White House butler who served under 11 presidents dies at 91 of coronavirus

A former White House butler who had served under 11 U.S. presidents has died as a result of contracting the coronavirus, BuzzFeed News reported Thursday. He was 91.

Willson Roosevelt Jerman witnessed a half-century of history unfold from his job at 1600 Pennsylvania Avenue and worked for commanders in chief from Dwight D. Eisenhower to Barack Obama, according to BuzzFeed.

“A very close relationship with Jackie O”

Born into a poor family in North Carolina, Jerman moved to Washington, D.C., in the 1950s and secured a job cleaning the White House during the Eisenhower administration.

Years later, after sparking a friendship with first lady Jackie Kennedy, his granddaughter Jamila Garrett said President John F. Kennedy promoted him to the position of butler.

“He had a very close relationship with Jackie O,” Garrett said in an interview with The New York Times. “She trusted him with her children, and he would ensure they had everything they needed in the White House.”

Between 1957 and 1993 — and then again in a part-time capacity from 2003 to 2012 — he also worked as an elevator operator at the White House, according to BuzzFeed.

In addition to remarks from Garrett, tributes from former first-family members soon followed news of his death.

Former President George W. Bush and his wife, Laura, issued a statement calling Jerman a “lovely man,” adding that he was “the first person we saw in the morning when we left the residence and the last person we saw each night when we returned,” the New York Post reported.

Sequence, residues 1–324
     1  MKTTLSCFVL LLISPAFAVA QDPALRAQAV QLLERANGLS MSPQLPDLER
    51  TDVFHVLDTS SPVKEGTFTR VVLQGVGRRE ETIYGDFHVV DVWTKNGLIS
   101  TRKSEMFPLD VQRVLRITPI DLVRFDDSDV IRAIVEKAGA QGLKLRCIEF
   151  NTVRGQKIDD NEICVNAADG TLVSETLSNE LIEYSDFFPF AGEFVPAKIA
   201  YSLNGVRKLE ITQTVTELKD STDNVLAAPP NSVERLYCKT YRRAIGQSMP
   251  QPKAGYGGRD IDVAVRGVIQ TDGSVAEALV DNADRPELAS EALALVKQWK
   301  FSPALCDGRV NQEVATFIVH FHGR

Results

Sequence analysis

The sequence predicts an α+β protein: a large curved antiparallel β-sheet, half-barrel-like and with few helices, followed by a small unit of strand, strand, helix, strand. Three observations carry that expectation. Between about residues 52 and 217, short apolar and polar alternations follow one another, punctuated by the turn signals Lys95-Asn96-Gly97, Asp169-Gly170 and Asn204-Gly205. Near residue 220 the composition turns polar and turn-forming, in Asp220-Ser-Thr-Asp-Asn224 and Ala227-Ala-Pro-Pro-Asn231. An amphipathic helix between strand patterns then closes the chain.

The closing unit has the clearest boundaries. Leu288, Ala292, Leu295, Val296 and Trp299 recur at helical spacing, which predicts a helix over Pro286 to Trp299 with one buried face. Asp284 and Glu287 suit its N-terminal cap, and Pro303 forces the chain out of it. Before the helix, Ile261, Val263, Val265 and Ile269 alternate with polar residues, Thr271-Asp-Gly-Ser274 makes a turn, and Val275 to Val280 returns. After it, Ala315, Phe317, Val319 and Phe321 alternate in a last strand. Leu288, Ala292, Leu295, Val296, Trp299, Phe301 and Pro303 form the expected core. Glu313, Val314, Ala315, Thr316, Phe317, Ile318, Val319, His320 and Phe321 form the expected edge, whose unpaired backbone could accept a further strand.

“Willingness to go above and beyond”

A photograph of Jerman taken in 2009 was included in former First Lady Michelle Obama’s memoir, Becoming. She also provided a statement recognizing his “willingness to go above and beyond for the country he loved and all those whose lives he touched,” BuzzFeed noted.

The fitting tributes likely pleased Garrett, who said she wants her grandfather to be remembered for the values he instilled in those closest to him.

“I want the world to remember my grandfather as someone who was really authentic, always being yourself,” she told The New York Times. “That’s what he taught our family.”

As the coronavirus death toll continues to mount nationwide, the staggering numbers can minimize the impact each loss has on friends and family members. In light of the attention media attention surrounding Jerman’s death, this is an important opportunity to consider the real humanitarian toll caused by this pandemic.

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